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Morning Outlook

Last Week of the Year Could Be a Good One for Stocks

Morning OutlookFOXBusiness

The shortened-week between Christmas and New Years is typically a slow one, but a good one, for the stock market.

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Historically, over the last five days of the year, the Dow Industrials have rallied 80% of the time.

The best last-five day period was in 1899, when the Dow tacked on a whopping 9%.  The worst period was in 1937, when the Dow fell 5%.  The average gain is 1.2%.

Traders will also try to move the Nasdaq into positive territory for 2011 - it’s down 1.3%. The S&P 500, meanwhile, made it into the black on Friday. It’s now 0.6% higher this year.

The holiday shopping season still has steam. In fact, analysts expect yesterday – a day dubbed “Mega Monday” – to be the third busiest shopping day of the holiday season, behind only Black Friday and Dec. 23 in terms of sales, according to ShopperTrak.

The cash registers may have rung up $29 billion in sales, as up to 60% more people may have hit the stores Monday compared to the same time last year.

IBM finds that shoppers didn’t even take a break on Christmas Sunday; online shopping rose more than 16% on the holiday. More and more people are shopping with their phones and tablets, too. Mobile sales rose by 173% over last year, according to IBM’s data.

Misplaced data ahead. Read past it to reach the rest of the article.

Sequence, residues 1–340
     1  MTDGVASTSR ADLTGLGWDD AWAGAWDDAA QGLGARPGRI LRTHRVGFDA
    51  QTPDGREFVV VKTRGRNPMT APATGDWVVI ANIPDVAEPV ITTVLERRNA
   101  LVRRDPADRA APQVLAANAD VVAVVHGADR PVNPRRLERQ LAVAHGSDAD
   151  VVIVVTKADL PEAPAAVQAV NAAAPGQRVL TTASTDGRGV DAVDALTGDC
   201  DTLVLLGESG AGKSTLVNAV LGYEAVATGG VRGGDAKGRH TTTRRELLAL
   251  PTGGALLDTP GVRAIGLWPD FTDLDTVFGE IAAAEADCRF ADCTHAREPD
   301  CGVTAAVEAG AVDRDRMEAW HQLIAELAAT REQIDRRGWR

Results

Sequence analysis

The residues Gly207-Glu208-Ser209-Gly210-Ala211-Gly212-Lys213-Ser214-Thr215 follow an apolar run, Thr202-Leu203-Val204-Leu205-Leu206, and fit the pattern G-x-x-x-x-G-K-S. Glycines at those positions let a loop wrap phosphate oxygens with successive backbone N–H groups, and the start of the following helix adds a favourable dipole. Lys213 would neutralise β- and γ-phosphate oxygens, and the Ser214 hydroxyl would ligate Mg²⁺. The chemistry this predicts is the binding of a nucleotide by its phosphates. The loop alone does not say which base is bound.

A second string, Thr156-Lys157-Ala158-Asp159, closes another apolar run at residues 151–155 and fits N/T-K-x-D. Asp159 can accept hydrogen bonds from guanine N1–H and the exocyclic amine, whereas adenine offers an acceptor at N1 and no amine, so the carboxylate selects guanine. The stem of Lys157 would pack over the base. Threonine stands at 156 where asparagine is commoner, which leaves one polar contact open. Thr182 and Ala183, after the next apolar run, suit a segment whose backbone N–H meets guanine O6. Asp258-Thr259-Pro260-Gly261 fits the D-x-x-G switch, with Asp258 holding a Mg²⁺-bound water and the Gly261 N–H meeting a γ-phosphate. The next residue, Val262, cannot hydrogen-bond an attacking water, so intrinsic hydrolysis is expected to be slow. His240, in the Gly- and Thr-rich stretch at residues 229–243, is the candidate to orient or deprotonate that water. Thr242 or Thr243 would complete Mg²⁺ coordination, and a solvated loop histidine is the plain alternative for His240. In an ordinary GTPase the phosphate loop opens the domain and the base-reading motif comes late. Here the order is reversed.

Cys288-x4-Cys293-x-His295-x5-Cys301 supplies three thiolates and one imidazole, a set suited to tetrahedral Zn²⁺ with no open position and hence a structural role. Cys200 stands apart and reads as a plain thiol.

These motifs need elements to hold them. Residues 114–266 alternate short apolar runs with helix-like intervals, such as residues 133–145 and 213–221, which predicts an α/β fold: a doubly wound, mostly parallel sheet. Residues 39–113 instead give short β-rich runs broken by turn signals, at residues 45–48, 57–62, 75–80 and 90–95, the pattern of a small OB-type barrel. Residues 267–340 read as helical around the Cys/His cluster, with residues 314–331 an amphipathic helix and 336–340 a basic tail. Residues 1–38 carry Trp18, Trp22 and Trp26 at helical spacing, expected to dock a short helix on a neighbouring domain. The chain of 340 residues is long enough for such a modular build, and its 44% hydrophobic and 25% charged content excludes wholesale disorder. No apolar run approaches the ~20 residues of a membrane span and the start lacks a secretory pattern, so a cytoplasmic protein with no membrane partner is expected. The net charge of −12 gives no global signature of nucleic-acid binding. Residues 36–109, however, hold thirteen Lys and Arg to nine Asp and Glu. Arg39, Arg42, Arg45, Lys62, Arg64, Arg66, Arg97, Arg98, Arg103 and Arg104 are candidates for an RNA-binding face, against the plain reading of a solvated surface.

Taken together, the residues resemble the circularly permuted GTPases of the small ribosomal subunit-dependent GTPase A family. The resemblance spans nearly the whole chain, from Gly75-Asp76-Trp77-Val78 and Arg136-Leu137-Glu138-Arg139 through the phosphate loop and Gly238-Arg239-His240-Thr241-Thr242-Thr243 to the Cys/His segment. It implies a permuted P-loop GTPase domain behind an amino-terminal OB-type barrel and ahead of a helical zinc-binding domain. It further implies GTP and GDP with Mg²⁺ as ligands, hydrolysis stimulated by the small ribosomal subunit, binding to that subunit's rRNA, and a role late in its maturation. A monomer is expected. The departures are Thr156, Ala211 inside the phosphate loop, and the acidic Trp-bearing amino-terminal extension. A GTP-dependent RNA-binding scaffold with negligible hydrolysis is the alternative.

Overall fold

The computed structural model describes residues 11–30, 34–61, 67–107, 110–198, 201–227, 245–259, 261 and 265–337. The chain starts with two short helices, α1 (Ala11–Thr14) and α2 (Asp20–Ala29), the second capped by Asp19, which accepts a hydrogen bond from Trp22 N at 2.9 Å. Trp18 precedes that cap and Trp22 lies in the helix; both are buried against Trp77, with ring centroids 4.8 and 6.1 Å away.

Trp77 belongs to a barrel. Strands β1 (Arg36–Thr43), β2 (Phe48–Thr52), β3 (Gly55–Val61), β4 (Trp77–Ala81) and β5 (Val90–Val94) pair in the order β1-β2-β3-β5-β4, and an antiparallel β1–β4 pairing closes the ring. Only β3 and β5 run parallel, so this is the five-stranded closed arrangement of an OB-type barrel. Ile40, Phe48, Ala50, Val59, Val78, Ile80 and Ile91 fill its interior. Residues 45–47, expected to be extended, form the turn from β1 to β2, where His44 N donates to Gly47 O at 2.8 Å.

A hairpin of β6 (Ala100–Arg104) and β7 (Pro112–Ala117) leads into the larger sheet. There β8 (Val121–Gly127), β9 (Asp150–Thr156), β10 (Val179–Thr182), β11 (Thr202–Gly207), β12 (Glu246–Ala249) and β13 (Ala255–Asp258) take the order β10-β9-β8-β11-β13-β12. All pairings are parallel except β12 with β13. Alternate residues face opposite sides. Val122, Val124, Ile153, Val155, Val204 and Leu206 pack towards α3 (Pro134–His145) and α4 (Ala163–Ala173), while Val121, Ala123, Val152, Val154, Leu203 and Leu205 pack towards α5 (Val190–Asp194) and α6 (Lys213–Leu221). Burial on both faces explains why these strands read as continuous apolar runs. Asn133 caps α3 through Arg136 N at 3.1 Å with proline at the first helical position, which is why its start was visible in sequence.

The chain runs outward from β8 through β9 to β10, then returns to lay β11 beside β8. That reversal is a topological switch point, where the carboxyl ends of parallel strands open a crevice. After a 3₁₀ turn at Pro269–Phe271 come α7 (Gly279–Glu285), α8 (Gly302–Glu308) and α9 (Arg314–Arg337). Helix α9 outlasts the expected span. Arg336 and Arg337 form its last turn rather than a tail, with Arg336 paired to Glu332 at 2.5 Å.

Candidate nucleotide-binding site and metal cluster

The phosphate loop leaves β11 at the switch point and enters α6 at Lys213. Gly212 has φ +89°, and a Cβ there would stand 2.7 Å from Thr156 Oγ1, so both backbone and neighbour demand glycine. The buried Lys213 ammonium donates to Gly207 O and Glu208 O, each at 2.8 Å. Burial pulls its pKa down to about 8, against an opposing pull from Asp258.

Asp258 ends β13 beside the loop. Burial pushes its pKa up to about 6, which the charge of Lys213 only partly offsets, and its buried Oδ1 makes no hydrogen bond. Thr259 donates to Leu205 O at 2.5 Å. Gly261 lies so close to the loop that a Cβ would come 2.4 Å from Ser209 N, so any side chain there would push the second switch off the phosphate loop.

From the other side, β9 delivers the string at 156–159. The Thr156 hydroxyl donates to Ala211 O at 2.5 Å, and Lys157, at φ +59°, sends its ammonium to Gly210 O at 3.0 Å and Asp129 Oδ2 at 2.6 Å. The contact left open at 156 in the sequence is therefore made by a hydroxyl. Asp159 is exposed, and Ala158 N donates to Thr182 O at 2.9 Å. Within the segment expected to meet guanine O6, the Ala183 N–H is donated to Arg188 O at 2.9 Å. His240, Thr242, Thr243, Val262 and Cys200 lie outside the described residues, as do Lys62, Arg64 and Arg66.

But the strong holiday shopping spirit did not extend to Sears. The company will close more than 100 Sears and Kmart stores as a result.

Sears’ CEO Louis D'Ambrosio, in a company press release on the store closings, writes:

"Given our performance and the difficult economic environment, especially for big-ticket items, we intend to implement a series of actions to reduce on-going expenses, adjust our asset base, and accelerate the transformation of our business model. These actions will better enable us to focus our investments on serving our customers and members through integrated retail – at the store, online and in the home.”

Sears says the closings – and inventory sales – will generate around $150 million in cash.

“We expect these store closures to generate $140 to $170 million of cash as the net inventory in these stores is sold and we expect to generate additional cash proceeds from the sale or sublease of the related real estate.”

If you feel like you’re the only one working this week… you’re not. Office-space manager Regus says it will be business as usual for 64% of workers.

In fact, consultant Right Management says 70% of people surveyed have not used – and don’t plan to use – all their vacation days for 2011.  That’s up from 50% last year.

On the tech front, Google (NSDAQ"GOOG) may have its version of the Apple iPad very soon.

Google chief executive Eric Schmidt told an Italian newspaper that plans are in the works to develop, market, and sell its own tablet in the next six months. Sales for previous Android tablets, like the Motorola Xoom and the Samsung Galaxy Tab, have been lackluster.

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